Go Global Go Ghana
On August 5th 2001 the Go Global team returned from their 3 weeks researching Fairtrade, the Atlantic Slave Trade and Child Labour in Ghana. The team was made up of seven adults; Bruce Crowther (Garstang Oxfam Group), Claire Piela (Drama Director), Ella Wood, Mick Dillon, Neil Tricket ("On the Line" applicant), Richard Whyman ( Lancashire County Council Youth & Community Services Leader) and Sue Piela, together with 5 youngsters; Amy Williams, Lee Bradshaw, Mel Yates, Peter Lane and Sally Piela. While in Ghana the Go Global team were joined by Martine Miel (Antislavery International) and three youngsters from London; Charlotte McDonald, Christine Doran and Esther Adamosu.
Central to the project was the performance of 'Hidden Brutality' the play (on the three issues of Fairtrade, Atlantic Slave Trade and Child Labour) put together by the young theatrical group 'Mission'. This was performed in front of 2, 800 pupils of the State Experimental Basic Schools in Kumasi. Students of the schools entertained their guests with a full days programme of African singing, drumming and dancing culminating in their own performance of a play on the Atlantic Slave Trade, as seen through Ghanaian eyes. The days entertainments sealed the link made between Garstang High school and the State Experimental Basic schools in Kumasi.
Essentially the visit was divided into three parts. The first few days was spent with the charity Children in Need in the capital Accra, the second part visiting the old slave forts of Elmina and Cape Coast castle and finally going to Kumasi to look at the production of cocoa and Fair Trade. The group also visited the banana plantation run by the Volta Region Estates limited (V.R.E.L) where the Oke fairtrade bananas, available in the UK, are grown.
Children in Need, Accra
Children in Need is a centre run by Ken and Tina Amoah that works to "free" children working in the nearby stone quarries and sending them to school. There were 39 children at the centre at the time of the visit. In the stone quarries children as young as five work breaking stones to make gravel to be used in concrete for construction. They work from 6am to 6pm often 6, or even 7, days a week. The work is hard and dangerous, injuries are common including the loss of fingers. For this work the children are paid between 1,000 and 2, 000 cedis per day, equivalent to between 10 and 20 pence per day.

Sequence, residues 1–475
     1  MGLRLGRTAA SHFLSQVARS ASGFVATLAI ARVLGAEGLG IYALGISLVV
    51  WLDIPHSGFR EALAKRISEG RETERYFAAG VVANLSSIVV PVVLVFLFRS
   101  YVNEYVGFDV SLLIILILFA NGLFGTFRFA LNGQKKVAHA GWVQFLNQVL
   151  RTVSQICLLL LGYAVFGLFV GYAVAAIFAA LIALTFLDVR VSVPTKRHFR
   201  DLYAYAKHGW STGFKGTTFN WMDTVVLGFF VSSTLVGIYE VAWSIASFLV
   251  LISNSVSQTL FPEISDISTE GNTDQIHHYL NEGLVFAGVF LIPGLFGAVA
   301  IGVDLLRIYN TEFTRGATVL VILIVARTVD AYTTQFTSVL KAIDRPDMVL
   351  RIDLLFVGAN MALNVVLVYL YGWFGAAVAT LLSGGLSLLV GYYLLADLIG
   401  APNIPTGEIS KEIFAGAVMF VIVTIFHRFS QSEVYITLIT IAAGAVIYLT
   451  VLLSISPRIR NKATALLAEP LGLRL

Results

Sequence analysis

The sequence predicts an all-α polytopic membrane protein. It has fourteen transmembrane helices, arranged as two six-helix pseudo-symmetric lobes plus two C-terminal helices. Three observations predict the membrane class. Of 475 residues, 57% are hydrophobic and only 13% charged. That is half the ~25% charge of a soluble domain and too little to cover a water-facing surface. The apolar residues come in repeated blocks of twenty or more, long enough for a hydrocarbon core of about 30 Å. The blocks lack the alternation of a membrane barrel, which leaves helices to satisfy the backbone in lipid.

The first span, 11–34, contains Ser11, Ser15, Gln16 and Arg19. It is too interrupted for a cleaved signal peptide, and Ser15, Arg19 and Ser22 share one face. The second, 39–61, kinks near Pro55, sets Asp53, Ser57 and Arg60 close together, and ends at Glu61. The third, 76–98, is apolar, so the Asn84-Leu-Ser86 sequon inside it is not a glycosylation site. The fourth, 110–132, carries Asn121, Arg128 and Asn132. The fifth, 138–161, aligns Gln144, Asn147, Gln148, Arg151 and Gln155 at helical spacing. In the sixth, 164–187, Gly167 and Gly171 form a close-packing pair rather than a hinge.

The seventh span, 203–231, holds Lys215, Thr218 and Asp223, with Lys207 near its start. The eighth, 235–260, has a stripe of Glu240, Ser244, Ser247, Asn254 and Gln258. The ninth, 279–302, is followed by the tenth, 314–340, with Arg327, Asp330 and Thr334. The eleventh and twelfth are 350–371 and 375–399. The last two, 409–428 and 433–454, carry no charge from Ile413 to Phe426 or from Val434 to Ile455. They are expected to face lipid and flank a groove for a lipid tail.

The children at the centre entertained the UK students with singing, dancing and drama productions depicting their life before joining Children in Need. Their performances were very powerful and showed a total understanding of their rights as children. What was perhaps most inspiring was the fact that many of the children had great ambitions now that they are receiving an education. Samuel (10 years old at the time of visiting) for example, wanted to be a Veterinary Surgeon and providing he works hard he has now every chance of fulfilling his aim. Samuel's mother Janet, who also lives at the centre, came originally from the rural Volta region of Ghana. Her parents were farmers who could not afford to give Janet an education. Janet finally went to Accra looking for work where she ended up in the stone quarry. When asked if these problems would have arisen had she received an education she was quite definite that they would not. Samuel's older sister Lucy works at the Children in Need centre as a seamstress. Janet came to the centre in 1999, at that time she was found working in the stone quarry with Samuel and his younger brother Derek who then was only 6 months old.
Slave Forts, Cape Coast and Elmina
Visiting the slave forts allowed the students to see for themselves the true horror and brutality of the Atlantic Slave Trade. They visited Cape Coast castle and the fort at Elmina. Cape Coast was a fort used by the British to trade in slaves whereas Elmina, the oldest fort in Ghana, was used by the Portuguese and Dutch. Elmina was later captured by the British but never used by them for the notorious trade in slaves. In both forts the Europeans had deliberately chosen to build their churches above the dungeons where the slaves were so inhumanely kept. In Cape Coast castle the male slave dungeon was built upon the shrine to the old Gods worshipped by the native Africans. This demonstrated how the Europeans not only used religion to justify the trading in humans but also used it as a symbol of superiority.